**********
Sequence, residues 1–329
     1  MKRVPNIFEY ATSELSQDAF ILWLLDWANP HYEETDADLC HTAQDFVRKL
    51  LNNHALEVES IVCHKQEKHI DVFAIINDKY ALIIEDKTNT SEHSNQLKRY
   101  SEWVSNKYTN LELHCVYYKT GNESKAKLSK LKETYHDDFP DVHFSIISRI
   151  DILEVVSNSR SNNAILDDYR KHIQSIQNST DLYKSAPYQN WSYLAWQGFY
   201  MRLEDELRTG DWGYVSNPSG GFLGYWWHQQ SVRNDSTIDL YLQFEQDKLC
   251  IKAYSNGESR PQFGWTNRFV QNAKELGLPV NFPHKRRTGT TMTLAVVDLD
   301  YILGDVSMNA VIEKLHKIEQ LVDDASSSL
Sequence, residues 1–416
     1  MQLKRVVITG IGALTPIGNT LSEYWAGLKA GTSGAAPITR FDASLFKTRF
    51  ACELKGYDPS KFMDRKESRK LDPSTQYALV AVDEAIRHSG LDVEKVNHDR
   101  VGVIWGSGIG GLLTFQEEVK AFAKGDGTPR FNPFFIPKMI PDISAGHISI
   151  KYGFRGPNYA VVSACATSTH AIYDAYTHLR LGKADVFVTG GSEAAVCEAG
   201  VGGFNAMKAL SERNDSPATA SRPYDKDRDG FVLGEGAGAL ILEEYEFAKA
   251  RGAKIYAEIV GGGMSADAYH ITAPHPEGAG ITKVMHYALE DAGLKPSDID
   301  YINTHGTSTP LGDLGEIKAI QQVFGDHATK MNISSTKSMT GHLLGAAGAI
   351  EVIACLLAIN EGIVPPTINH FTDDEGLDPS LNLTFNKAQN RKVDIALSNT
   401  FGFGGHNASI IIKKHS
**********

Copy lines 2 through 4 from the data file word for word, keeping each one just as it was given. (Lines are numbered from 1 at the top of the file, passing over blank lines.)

     1  MKRVPNIFEY ATSELSQDAF ILWLLDWANP HYEETDADLC HTAQDFVRKL
    51  LNNHALEVES IVCHKQEKHI DVFAIINDKY ALIIEDKTNT SEHSNQLKRY
   101  SEWVSNKYTN LELHCVYYKT GNESKAKLSK LKETYHDDFP DVHFSIISRI